The idea of a beginning may fit the ‘Big Bang’ theory of the origin of the universe, but the primary purpose of the Christian doctrine of creation is to affirm that the world is not self-existent but dependent on a purposive being. It is more about meaning than about the process whereby life came into existence. As Oliver Quick, who was Regius Professor of Divinity at Oxford from 1939 to 1943, wrote, ‘It is because the Christian believes himself to have been made for God, that he believes also that God made him. And the belief so grounded cannot be upset by anything that natural science may discover about the temporal origin of mankind.’11
Is the World Made by a Loving Creator?
To many people it is not perhaps the question of how the world was made which is the difficulty, but whether it gives evidence of a loving Creator. We have already seen that people draw different conclusions from their observation of the natural world. Some see beauty and the amazing intricacy and interconnectedness of life, others see the cruelty of one animal preying on another. Perhaps an even greater difficulty is the experience of sin and evil, reinforced in our own times by cruel wars and horrible genocide.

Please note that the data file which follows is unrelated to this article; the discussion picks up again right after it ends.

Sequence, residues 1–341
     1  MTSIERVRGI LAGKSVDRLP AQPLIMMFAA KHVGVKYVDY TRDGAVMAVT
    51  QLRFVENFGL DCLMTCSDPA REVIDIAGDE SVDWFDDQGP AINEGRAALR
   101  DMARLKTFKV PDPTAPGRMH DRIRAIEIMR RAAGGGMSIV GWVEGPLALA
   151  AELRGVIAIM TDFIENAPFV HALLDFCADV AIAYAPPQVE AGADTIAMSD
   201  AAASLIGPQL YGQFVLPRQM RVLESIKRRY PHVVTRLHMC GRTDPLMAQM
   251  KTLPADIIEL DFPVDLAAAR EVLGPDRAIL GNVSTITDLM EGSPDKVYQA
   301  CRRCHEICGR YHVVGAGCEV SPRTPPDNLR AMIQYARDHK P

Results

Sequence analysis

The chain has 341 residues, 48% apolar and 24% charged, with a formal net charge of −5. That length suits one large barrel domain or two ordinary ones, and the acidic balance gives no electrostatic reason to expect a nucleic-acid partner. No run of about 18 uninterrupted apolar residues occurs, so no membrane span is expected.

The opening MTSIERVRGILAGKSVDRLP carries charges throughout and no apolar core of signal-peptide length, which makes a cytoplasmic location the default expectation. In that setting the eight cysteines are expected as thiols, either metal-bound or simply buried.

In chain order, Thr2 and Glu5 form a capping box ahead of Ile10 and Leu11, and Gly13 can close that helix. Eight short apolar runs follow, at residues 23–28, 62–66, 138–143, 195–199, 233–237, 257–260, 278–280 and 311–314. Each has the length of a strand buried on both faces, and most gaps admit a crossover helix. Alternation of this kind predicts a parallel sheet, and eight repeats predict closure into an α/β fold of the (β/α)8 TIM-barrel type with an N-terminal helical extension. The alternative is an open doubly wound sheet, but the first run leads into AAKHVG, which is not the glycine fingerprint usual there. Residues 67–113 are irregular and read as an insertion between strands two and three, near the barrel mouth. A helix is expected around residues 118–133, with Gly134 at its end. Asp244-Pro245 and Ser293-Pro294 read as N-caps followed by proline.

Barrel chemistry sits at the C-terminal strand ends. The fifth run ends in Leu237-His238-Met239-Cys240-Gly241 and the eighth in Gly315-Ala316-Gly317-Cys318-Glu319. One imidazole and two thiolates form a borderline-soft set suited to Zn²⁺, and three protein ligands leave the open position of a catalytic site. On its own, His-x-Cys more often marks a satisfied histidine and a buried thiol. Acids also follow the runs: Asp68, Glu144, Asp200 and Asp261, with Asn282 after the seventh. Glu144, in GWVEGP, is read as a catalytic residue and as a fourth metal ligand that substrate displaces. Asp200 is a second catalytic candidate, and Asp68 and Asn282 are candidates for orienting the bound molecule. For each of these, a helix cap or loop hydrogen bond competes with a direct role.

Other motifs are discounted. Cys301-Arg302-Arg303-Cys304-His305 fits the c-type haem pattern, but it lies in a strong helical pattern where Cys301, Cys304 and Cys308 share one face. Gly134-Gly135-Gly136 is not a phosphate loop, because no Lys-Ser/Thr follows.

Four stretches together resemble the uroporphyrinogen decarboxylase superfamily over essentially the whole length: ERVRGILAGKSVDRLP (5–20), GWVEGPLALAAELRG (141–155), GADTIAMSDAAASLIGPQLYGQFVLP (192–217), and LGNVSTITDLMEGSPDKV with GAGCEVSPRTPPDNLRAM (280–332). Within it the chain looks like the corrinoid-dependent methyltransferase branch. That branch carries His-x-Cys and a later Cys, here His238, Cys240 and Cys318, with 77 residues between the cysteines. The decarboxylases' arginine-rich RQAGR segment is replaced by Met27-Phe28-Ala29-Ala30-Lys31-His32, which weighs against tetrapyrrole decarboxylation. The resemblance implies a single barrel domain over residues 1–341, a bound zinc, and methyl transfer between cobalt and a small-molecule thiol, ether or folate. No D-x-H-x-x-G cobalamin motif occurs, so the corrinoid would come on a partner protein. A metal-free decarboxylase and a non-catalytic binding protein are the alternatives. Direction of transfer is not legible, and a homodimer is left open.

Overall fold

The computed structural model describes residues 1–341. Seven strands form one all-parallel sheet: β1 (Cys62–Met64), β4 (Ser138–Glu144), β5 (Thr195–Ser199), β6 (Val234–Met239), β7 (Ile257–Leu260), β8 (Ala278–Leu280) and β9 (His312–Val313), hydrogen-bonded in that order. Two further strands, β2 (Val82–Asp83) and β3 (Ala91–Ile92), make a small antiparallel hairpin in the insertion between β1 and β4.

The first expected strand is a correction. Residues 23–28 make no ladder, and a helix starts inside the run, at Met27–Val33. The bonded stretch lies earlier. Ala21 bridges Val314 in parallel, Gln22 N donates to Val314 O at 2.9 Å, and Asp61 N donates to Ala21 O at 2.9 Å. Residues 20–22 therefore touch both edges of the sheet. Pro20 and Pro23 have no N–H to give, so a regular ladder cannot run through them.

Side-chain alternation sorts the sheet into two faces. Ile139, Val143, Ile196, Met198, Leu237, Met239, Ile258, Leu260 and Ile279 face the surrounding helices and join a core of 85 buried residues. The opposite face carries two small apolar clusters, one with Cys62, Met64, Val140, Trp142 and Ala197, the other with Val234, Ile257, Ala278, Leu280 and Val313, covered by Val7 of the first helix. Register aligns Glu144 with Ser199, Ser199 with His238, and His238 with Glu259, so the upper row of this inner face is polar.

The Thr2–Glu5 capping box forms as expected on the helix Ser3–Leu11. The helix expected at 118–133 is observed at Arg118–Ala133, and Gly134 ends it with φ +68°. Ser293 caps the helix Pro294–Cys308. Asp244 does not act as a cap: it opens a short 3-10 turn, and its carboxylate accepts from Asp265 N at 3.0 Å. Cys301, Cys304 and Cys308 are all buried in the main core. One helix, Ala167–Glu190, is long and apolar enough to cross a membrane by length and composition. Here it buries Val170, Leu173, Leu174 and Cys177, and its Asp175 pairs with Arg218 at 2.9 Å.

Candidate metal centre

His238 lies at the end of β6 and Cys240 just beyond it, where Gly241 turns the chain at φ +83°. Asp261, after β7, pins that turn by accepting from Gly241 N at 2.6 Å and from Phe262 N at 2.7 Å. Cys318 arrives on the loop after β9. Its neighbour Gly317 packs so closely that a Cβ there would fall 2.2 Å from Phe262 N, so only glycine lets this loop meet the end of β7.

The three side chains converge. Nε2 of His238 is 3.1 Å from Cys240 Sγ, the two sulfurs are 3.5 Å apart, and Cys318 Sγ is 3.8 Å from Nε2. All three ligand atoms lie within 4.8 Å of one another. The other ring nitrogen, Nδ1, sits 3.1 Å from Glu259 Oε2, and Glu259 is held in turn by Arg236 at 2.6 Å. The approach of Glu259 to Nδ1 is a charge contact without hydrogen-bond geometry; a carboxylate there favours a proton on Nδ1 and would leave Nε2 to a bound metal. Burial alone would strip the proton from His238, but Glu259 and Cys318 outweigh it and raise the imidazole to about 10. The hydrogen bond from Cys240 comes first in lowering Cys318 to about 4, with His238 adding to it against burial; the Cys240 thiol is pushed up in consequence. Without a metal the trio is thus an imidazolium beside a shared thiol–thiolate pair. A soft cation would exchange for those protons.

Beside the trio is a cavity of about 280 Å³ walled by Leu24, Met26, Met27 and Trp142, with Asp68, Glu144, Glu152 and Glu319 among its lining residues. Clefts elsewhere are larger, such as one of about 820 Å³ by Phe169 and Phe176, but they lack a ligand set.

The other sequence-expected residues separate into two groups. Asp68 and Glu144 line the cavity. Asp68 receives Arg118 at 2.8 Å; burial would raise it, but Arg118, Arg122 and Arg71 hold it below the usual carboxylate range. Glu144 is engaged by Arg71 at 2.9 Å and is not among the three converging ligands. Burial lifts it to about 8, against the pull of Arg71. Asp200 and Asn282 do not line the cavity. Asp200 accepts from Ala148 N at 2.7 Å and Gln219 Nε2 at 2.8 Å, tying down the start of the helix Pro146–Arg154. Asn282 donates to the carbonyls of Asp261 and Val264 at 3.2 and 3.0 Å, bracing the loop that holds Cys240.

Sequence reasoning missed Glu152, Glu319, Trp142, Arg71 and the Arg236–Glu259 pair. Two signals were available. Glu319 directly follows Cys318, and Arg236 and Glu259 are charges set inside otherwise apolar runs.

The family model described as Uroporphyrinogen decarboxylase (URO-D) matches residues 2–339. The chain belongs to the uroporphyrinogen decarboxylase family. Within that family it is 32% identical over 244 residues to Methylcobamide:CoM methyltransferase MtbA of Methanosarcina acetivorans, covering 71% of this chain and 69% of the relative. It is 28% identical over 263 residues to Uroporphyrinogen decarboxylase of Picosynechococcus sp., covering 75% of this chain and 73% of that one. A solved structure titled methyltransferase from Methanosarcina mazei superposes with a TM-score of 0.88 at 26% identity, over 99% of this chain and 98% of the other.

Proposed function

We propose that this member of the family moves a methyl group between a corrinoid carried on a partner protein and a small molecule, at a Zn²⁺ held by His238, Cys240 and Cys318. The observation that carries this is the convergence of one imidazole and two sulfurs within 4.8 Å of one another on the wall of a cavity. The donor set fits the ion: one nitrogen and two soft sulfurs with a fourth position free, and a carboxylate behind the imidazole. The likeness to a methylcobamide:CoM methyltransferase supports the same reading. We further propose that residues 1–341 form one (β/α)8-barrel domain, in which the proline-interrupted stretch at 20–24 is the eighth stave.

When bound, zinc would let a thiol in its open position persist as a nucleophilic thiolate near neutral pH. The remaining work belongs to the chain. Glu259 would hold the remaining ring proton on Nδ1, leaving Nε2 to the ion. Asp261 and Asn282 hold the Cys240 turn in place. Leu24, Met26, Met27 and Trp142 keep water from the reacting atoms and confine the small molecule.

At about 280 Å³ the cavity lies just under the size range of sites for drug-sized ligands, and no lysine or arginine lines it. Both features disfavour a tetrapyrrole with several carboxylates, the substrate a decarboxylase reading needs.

The Holocaust, in which some eleven million people, more than half of them Jews, were killed by the Nazis, destroyed many people’s faith in God and has led other believers to question traditional pictures of God. The Nobel Prize Winner, Elie Wiesel, wrote:
Never shall I forget the little faces of the children, whose bodies I saw turned into wreaths of smoke beneath a silent blue sky.
Never shall I forget those flames which consumed my faith forever.